The changes are likely to give rise to an enormous increase in the number of domain names which in some manner incorporate trademarks.  It is critical for businesses to be vigilant during the phasing in of IDNs, and re-evaluate their  IP and domain name portfolios in the context of their broader strategic objectives. Particularly where a business has a global presence and engages in cross-border trade, it will need to react swiftly if to protect foreign translations and transliterations of english trademarks online.

It is important to do this in the  sunrise period, during which those asserting ownership of trade marks will be  given priority over other potential registrants  to acquire IDNs corresponding to their trademarks.   Once the IDNs become available for purchase it is essential that trademark owners acquire these rights in the countries in which they wish to preserve and protect their domain names. There may be difficulties encountered in demonstrating trademark rights in a corresponding trademarked IDN.   A trademark owner may have to register their  trademark  in the relevant country in order to acquire the corresponding trademarked IDN.

IDNs could attract domain name speculators and cybersquatters, forcing  trademark owners to take legal action to restrain the unauthorised use of a foreign language translation or transliteration of their trademark within a domain name.   Most country level domain name registrars  adopt ICANN’s Uniform Dispute Resolution Policy (UDRP),  permitting trademark owners to retrieve  domain names  registered by cybersquatters providing they are able to satisfy the three requirements set out in the UDRP rules.

However it is questionable whether an english language trademark registration will afford sufficient rights to protect against the registration of a corresponding IDN.  The first limb of the UDRP policy requires that a domain name be identical or confusingly similar to the domain name in which the trademark owner claims rights.  There is no decisive answer as to the likelihood of a trademark owner being able to satisfy this threshold requirement of demonstrating that a foreign translation of their mark is confusingly similar to their trademark.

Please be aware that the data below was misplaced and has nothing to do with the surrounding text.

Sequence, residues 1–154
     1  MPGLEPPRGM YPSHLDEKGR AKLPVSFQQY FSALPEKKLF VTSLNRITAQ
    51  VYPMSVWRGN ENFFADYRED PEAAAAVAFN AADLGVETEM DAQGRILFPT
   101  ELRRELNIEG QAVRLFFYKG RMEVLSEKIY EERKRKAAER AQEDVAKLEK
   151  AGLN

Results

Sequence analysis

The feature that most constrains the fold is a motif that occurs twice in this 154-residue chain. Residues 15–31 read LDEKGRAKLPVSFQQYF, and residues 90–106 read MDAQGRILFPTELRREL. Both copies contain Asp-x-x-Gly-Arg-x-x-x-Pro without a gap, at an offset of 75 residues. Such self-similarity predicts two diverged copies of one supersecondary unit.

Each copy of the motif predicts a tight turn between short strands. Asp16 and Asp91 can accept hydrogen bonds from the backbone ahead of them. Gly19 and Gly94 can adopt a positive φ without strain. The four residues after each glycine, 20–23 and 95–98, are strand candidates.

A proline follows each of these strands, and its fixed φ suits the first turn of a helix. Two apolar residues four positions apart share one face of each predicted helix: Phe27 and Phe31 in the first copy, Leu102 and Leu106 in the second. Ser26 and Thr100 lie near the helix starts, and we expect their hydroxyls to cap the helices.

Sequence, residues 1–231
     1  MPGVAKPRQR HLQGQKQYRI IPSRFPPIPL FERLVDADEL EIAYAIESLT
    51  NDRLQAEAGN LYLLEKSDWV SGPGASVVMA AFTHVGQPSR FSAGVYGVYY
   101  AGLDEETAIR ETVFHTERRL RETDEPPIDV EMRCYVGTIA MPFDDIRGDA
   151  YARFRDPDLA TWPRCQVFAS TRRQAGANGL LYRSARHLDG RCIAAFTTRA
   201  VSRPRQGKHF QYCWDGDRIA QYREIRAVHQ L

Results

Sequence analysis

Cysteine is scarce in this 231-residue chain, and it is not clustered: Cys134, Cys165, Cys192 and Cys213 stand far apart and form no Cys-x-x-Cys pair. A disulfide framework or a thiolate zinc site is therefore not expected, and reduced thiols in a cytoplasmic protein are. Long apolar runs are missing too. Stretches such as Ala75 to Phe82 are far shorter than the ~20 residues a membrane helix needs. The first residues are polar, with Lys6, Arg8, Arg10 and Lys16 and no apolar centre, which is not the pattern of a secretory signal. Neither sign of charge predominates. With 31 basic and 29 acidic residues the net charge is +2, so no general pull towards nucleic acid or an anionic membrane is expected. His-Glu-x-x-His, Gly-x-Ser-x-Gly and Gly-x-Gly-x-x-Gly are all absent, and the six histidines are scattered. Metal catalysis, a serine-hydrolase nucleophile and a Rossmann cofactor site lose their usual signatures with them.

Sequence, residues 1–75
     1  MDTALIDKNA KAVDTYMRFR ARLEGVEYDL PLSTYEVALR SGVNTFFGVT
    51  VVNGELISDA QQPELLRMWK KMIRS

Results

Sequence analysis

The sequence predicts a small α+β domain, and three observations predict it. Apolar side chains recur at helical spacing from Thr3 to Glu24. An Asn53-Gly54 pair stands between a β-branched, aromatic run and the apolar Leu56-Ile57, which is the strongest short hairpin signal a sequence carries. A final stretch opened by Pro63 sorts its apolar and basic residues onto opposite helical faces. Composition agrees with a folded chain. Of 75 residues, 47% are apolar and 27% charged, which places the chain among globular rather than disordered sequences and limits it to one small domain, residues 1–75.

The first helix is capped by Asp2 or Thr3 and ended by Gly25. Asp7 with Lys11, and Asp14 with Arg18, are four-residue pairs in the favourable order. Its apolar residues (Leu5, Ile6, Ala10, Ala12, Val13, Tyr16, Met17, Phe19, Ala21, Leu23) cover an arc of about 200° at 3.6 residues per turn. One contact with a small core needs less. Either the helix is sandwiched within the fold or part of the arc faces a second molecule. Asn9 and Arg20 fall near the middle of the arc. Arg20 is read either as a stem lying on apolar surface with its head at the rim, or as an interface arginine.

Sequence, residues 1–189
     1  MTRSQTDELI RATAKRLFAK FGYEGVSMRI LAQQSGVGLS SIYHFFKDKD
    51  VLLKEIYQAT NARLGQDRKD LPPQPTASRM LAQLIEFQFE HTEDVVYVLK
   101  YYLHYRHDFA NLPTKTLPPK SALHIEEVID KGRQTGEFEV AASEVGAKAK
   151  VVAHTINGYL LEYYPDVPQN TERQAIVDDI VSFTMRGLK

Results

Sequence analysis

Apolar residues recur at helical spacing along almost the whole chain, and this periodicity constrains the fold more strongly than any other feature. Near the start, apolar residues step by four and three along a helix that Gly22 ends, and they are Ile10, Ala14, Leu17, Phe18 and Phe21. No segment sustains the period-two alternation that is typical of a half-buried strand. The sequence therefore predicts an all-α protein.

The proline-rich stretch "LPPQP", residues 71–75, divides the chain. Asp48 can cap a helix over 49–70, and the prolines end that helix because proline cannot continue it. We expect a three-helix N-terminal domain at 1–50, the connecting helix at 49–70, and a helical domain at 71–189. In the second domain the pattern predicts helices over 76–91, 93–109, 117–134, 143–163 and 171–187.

For example, two trademarks may bear the same meaning yet be markedly different both visually and phonetically.  It is also foreseeable that an  IDN equivalent of a trademark may not necessarily be  a translation of the meaning of the mark.  A registrant may decide instead to register a phonetic equivalent of the owner’s trademark,  which could  be radically different in it’s visual impact and connotation.  This may make it impossible  for trademark owners to establish that the foreign and english versions are sufficiently similar to be confusing.

Trademark owners intending on bringing traditional trademark infringement actions will confront a similar dilemna, particularly where a country’s local trademark law does not extend protection to trademark owners over foreign language translations of trademarks.  In the case of Arabic language domain names, whilst there is a draft trademark law intended to apply to six Gulf countries extending trademark protection to foreign language translations, the law has yet to be  implemented.

It will be up to domain name registrars to adapt their policies  to accommodate the rights of trademark owners seeking to protect their marks online. Registration requirements for IDNs are unlikely to be standardised so it is important to explore and monitor any potential IDN ccTLDs of significance an established business and brand.


The new gTLD program is an initiative that will facilitate the creation of new gTLDs into the domain name space. The application process for a new gTLD is a complex one. The proposed Final New gTLD Applicant Guidebook was released by ICAAN on 12 November 2010.

An applicant wanting to apply to create and operate a registry has to satisfy a number of evaluation criteria set down by ICAAN and demonstrate they have the requisite financial and technical capability to operate a registry.